The arts aren't just
A new study that highlights the benefits of student involvement in the arts raises significant curriculum issues, says the Australia Council.
for art's sake
The study - funded by the Australian Research Council, in partnership with the Australia Council for the Arts - found that students who were involved in the arts had higher school motivation, engagement in class, self-esteem, and life satisfaction.
The results, published in the latest issue of the prestigious Journal of Educational Psychology, found students who participated in dance, drama, music, and visual arts showed more positive academic and personal wellbeing outcomes than students who were not as involved in the arts.
Australia Council Acting Director Community Partnerships, Dr David Sudmalis said the results raised significant policy implications for how arts-based learning is integrated into the school curriculum.
“Not only does this study demonstrate that the arts help deliver positive outcomes in engagement and motivation for students outside of the arts domain, it also shows that high quality, participatory arts education has the greatest impact,” Dr Sudmalis said.
“These important findings show the significance of partnerships between the arts and education sectors, where artists and teachers work together to develop students’ expertise in and through the arts.”
Academic outcomes included motivation, homework completion, class participation, enjoyment of school, and educational aspirations, while personal wellbeing measures considered such factors as self-esteem, life satisfaction, and a sense of meaning or purpose.
Some of the strongest effects were found for students who spent high amounts of quality time in creative and performing arts subjects at school. Positive effects also resulted from home influences, such as how often parents and their children talked about and participated in the arts.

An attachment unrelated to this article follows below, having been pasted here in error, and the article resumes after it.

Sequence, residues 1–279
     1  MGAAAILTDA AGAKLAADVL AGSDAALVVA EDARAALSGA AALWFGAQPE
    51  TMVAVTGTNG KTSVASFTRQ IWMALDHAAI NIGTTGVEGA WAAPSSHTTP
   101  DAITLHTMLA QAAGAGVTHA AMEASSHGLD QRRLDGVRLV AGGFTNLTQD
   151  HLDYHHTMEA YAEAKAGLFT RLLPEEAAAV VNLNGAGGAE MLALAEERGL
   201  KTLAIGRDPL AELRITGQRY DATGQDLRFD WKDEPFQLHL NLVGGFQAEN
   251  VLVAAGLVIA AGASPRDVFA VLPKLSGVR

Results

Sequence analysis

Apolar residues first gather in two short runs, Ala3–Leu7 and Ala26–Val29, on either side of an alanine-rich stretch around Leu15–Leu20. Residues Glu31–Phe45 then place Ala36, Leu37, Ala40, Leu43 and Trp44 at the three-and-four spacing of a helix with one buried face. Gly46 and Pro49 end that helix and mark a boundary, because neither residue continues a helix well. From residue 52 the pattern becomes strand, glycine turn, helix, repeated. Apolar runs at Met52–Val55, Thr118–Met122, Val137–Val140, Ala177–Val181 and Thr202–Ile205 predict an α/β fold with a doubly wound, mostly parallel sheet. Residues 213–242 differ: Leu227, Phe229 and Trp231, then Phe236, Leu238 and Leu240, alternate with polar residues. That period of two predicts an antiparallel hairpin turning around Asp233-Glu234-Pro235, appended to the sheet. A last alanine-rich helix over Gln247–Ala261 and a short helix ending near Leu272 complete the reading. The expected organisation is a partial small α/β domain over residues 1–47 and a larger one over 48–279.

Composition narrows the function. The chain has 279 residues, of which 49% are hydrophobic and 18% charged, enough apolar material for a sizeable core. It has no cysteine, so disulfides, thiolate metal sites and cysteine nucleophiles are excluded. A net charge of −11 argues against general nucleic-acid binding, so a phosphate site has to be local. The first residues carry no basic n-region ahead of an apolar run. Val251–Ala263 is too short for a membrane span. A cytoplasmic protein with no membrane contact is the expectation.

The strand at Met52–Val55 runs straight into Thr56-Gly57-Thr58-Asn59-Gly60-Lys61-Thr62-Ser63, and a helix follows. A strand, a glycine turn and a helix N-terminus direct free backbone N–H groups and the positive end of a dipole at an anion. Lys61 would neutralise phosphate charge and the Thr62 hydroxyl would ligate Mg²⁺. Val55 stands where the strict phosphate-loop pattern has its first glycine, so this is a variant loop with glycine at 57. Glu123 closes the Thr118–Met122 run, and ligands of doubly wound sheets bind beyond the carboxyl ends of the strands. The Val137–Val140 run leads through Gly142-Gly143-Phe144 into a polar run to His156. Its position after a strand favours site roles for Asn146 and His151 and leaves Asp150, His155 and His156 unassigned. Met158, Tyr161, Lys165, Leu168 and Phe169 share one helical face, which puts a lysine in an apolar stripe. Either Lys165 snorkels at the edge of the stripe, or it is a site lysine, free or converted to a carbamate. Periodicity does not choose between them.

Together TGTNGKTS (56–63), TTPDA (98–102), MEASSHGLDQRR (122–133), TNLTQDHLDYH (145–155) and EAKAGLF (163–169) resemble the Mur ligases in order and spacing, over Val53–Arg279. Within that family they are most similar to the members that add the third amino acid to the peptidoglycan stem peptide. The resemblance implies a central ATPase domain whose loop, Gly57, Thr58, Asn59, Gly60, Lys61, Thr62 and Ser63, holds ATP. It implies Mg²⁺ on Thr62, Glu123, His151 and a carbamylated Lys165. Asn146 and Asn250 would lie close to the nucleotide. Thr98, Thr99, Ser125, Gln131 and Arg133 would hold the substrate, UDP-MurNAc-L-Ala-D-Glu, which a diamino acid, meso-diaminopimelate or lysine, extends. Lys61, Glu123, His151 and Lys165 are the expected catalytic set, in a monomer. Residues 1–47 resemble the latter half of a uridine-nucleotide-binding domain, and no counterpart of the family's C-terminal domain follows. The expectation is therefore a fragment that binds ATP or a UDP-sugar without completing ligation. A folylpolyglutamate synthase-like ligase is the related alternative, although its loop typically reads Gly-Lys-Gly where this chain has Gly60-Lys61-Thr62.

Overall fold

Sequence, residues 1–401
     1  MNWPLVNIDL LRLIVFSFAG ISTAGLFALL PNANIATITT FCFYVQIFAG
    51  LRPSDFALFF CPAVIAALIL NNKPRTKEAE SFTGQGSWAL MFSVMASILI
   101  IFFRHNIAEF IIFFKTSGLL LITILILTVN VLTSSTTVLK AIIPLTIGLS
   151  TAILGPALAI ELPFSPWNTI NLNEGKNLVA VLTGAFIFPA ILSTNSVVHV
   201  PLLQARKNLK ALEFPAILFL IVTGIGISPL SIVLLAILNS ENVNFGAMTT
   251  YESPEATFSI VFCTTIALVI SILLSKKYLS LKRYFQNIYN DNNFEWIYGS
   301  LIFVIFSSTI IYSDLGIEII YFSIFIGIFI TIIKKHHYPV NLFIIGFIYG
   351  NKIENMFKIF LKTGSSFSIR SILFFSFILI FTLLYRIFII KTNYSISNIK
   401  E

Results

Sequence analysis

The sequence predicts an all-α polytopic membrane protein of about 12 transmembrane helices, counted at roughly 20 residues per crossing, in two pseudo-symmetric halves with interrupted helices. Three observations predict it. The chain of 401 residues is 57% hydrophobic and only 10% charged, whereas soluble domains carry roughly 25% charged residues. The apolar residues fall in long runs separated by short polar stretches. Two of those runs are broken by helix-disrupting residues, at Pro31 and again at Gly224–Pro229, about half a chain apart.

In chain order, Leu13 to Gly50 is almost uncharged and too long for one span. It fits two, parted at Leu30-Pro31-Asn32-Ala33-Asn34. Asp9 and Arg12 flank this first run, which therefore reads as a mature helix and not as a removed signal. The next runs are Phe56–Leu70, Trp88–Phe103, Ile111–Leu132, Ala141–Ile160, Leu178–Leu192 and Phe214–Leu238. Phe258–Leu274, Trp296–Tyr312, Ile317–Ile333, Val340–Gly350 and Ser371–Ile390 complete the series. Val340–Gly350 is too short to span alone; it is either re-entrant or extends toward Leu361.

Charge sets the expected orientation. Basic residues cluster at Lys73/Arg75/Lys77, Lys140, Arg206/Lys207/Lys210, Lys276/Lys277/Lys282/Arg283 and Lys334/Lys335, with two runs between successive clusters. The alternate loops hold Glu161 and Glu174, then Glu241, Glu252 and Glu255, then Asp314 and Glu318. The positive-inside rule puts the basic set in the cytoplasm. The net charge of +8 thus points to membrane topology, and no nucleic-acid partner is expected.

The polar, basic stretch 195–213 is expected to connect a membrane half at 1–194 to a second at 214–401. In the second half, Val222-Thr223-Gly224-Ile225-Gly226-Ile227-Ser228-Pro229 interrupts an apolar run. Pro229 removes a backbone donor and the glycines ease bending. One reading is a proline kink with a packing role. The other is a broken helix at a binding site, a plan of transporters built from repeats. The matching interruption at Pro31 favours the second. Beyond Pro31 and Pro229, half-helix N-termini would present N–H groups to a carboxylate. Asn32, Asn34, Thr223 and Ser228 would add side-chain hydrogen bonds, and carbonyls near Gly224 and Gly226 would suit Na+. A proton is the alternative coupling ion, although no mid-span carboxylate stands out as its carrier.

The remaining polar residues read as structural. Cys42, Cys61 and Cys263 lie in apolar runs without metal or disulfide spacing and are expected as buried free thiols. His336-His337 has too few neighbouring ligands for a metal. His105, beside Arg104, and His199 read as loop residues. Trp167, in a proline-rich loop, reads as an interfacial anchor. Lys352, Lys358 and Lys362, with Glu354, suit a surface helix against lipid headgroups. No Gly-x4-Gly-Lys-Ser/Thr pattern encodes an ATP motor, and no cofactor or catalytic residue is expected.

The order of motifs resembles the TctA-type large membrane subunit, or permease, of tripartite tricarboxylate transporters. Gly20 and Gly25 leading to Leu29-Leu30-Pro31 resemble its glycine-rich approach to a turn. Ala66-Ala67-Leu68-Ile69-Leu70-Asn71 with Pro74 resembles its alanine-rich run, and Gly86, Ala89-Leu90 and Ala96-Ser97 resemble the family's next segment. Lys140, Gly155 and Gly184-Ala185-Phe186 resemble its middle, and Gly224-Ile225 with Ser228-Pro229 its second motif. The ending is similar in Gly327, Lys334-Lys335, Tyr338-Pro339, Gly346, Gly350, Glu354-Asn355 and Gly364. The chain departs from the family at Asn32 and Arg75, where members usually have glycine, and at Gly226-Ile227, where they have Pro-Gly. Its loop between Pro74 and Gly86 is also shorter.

Active participation, more than simply being an observer or audience member, also yielded stronger positive effects on school and personal wellbeing outcomes in the study.
Lead author, Professor Andrew Martin said the study showed that school participation in the arts could have positive effects on diverse aspects of students’ lives.
“Whereas most previous research has been small-scale or focused on students’ enjoyment in specific arts subjects, such as music, dance, drama, and visual arts, our research was large-scale and assessed outcomes beyond the arts domain,” he said.
“It shows that the arts can impact broader academic and personal wellbeing outcomes for young people.”
Co-author Associate Professor Michael Anderson said that at a time when different subject areas competed for space in the school curriculum, the findings emphasised the importance of the arts.
“This study provides new and compelling evidence that the arts should be central to schooling and not left on the fringes,” he said.
A copy of the research is available at this PS News link.
Edition 382, 8 October 2013